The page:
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September 12, 1891


JAMA. 1891;XVII(11):417-418. doi:10.1001/jama.1891.02410890035006

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A review made a few years ago of the cases of pneumonia treated at the Massachusetts General Hospital showed that there was little or no difference in the mortality under various methods of treatment; that whether heroic onslaughts were made on the disease by the so-called antiphlogistic plan, blood-letting, and active purgation, or whether a purely expectant plan of treatment was pursued, or supporting efforts by stimulation were employed, the percentage of mortality was not materially different. Nevertheless, but few practitioners are ready to admit that their efforts in this disease are without avail, although many will be ready to admit that the results of treatment are sufficiently unsatisfactory to warrant careful attention being given to any plan which offers a rational procedure, no matter how widely it may differ from the methods now generally in vogue.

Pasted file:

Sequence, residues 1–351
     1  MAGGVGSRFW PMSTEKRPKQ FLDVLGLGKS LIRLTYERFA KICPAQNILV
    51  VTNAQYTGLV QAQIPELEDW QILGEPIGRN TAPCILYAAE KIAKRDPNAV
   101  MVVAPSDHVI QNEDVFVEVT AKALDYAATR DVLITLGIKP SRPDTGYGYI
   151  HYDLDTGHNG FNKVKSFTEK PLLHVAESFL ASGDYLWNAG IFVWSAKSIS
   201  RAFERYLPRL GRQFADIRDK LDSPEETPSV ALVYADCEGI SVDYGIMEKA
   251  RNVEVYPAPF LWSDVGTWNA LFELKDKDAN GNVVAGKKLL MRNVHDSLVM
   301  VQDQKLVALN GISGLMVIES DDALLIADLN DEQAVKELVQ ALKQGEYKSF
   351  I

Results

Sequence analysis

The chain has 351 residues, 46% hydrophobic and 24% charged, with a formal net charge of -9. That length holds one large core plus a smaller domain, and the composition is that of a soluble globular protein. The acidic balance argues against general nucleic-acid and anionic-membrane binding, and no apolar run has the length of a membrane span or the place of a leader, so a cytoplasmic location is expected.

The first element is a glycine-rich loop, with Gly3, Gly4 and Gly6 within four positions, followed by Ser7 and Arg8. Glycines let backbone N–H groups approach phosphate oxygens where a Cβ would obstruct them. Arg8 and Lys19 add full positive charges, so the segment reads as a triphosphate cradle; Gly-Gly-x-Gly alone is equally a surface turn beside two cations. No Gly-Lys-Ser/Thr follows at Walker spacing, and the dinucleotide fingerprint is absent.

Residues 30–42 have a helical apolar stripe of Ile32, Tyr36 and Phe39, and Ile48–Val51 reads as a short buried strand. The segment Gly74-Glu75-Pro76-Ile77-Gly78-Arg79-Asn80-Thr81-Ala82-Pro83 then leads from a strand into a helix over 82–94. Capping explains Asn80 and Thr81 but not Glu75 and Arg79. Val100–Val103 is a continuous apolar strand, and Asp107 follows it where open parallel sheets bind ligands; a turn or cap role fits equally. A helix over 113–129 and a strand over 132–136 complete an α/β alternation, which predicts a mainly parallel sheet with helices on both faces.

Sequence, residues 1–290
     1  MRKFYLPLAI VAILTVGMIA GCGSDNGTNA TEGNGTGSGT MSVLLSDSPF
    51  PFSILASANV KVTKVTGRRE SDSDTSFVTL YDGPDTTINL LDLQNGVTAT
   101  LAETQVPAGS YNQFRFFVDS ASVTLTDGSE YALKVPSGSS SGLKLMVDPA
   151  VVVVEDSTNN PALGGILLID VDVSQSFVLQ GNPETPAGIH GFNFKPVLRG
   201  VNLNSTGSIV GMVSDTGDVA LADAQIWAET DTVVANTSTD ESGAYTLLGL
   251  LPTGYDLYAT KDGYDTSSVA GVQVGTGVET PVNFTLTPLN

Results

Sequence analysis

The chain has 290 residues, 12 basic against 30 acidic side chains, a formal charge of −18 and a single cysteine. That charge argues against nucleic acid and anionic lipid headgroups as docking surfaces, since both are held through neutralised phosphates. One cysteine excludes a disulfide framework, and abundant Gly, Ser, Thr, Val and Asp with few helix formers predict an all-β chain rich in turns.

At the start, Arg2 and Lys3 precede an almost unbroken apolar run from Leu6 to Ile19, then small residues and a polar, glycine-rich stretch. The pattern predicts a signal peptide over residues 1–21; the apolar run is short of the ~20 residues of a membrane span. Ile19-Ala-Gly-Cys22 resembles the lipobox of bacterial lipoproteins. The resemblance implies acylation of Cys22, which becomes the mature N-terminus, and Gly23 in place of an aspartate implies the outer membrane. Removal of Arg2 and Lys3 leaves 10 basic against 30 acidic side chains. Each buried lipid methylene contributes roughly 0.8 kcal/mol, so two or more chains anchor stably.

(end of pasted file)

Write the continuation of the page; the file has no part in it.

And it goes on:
All authorities are agreed that the danger point in pneumonia is the heart,

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